Salman Rushdie has been in hiding for over a decade due to assassins who are out searching for him because of his anti-Islamic blasphemy, belief and disbelief, anti-Thatcher politics, and pro-Western propaganda (Kuortti 1999: 15). Even though Iranian leader, Khomeini, who initially established the fatwa on Rushdie, has died, leaders have left a money reward on his life for his controversial novels that radically display his strong historical and political critiques on South Asian and the Middle Eastern countries. Author Damian Grant believes that Rushdie would be
best seen as a critic rather than a novelist at all due to the upheavals provoked by his opinionated writings (Grant 1998: 41).
One of his first novels, Midnight's Children, directs its attentions towards India around the time of Pakistan's succession. The story is narrated by a Bombay-native named Saleem Sinai who was born on August 15, 1947, the day of India's independence from Britain. He possesses magical abilities that link him mentally (and ably) to the group of Indian children born on the same day as he was; they are called midnight's children. Their life experiences seemingly change (and are changed by) India. The entire novel is a commentary of India's historical and political status according to Rusdhie. But what does Salman Rushdie have to say about India? What specific criticisms does he make regarding India's known history? How does he use Saleem's story to portray his opinions on India's known past? What are some of the responses to his novel and views of India, and how does he defend himself? Finally, are his points valid enough to be integrated into how India and its past are viewed by outsiders, or how it views itself?
[...] In Salman Rushdie Interviews: A Sourcebook of His Ideas. Chauhan, Pradyumna ed. Pp.21 - 31. London: Greenwood Press. Dube, Rani Salma Rushdie. In Salman Rushdie Interviews: A Sourcebook of His Ideas. Chauhan, Pradyumna ed. Pp. 7-17. London: Greenwood Press. Glendinning, Victoria A Novelist in the Country of the Mind. In Salman Rushdie Interviews: A Sourcebook of His Ideas. Chauhan, Pradyumna ed. Pp.3- London: Greenwood Press. Goonetilleke, D.C.R.A [...]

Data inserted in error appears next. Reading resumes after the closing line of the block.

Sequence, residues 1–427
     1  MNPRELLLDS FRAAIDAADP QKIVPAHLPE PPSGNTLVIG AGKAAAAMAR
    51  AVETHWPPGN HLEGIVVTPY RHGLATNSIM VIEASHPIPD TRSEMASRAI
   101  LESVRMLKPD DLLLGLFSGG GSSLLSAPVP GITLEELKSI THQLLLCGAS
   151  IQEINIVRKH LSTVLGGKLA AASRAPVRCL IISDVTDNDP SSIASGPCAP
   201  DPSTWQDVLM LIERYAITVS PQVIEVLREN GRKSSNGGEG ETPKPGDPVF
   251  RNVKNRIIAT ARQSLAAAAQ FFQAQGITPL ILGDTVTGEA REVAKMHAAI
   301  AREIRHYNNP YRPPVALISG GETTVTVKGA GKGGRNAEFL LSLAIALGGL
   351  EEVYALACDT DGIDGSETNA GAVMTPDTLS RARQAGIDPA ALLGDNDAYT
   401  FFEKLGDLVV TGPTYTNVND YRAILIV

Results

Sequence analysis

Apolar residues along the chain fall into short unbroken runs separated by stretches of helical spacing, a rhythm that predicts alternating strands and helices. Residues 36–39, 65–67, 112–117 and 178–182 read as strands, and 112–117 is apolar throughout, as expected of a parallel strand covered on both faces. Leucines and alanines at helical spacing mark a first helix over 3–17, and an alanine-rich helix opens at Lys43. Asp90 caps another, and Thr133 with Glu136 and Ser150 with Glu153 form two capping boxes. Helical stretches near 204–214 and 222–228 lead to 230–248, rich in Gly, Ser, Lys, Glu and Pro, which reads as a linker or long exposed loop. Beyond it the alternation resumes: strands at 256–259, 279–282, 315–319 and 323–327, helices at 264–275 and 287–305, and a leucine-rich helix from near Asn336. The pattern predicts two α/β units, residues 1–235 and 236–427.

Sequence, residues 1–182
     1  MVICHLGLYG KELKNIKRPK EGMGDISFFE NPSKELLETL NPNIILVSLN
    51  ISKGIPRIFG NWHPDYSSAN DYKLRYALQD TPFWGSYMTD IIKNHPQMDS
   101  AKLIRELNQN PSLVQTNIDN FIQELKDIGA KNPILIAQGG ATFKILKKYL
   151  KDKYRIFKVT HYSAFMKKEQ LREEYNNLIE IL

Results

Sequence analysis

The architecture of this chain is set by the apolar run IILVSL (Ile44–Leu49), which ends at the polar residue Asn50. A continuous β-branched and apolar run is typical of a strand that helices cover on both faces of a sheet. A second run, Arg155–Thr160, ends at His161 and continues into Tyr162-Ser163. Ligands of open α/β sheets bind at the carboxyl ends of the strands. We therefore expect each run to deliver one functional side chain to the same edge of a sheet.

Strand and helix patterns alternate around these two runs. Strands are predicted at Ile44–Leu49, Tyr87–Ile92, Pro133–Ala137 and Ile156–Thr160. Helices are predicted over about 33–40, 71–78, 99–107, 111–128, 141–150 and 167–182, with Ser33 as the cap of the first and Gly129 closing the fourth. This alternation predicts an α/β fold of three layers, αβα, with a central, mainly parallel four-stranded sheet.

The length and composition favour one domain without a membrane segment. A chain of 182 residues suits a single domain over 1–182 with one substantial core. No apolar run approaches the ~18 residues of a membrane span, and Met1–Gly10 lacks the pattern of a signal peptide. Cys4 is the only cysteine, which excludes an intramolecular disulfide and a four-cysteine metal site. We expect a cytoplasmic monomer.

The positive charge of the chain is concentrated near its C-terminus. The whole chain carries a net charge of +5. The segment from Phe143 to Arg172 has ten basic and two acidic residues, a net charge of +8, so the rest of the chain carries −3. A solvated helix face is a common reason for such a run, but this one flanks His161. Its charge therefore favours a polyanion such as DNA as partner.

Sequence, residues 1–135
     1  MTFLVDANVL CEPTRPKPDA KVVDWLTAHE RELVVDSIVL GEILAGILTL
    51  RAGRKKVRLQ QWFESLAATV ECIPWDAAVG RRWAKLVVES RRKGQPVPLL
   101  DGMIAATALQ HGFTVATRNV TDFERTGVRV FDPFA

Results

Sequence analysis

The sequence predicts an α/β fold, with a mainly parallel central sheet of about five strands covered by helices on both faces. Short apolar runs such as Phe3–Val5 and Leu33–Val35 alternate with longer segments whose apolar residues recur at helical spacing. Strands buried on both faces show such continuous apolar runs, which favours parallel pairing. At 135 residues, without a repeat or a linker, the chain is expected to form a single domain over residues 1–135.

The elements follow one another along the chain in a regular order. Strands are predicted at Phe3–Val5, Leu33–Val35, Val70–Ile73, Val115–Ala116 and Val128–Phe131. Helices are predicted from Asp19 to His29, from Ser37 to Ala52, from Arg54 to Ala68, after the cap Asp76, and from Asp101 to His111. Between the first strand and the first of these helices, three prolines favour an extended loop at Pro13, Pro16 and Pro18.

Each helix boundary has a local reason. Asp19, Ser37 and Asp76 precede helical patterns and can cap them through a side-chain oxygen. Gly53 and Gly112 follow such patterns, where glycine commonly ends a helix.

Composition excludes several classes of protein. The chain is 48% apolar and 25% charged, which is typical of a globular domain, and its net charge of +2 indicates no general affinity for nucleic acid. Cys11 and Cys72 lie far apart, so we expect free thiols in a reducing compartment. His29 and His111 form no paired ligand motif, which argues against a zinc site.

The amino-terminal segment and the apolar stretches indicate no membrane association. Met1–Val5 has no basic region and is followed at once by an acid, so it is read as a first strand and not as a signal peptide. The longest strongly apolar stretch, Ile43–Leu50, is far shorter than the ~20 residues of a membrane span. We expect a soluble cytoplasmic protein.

[...] Thus, Rushdie tells us that “India, the new myth a collective fiction in which anything was possible” (Rushdie 1982: 112). Rushdie also explores the theme of inaccuracy in Midnight's Children. Saleem continuously mixes up his historical dates and stumbles on facts left and right, excusing it as a side-effect of his internal fragmentation before he dies. For example, he misplaces Gandhi's death in his story and later apologizes for his inconsistencies. He cannot change around his perception of history, though, because then his story would crumble before it would end. [...]
[...] However, unlike the Metcalf's assumption of Indian history that India has always had a real history, Rushdie explores the idea that India's history was not until after the British Raj ended; that the British conjured up a fictitious depiction of India and its ancient past. Some of the inconsistencies in India's history are due to this fabricated history, and the overall record given conjures up the idea that India was traditionally a magical and dreamlike place. In the beginning of Midnight's Children, before India's day of independence, Rushdie creates a dreamlike storyline with Saleem's predecessors in which everything is like a fairytale; from the boatman who was as old as the mountains to the romantic encounters of Saleem's grandparents, everything is out of the realistic realm and in a wonderfully serene place. [...]
[...] Because of having been under British rule which, according to Rushdie manifested a fantasized history of India the attempts to reformulate and identify India's past can only be based on what Indians remember have happened. This creates holes in historical truth and biased slants on events. Grant explains that, lesson to be drawn from this is that history is not only made, by events, but also made up, narrated, like the story of a life or the anecdotes within it. [...]
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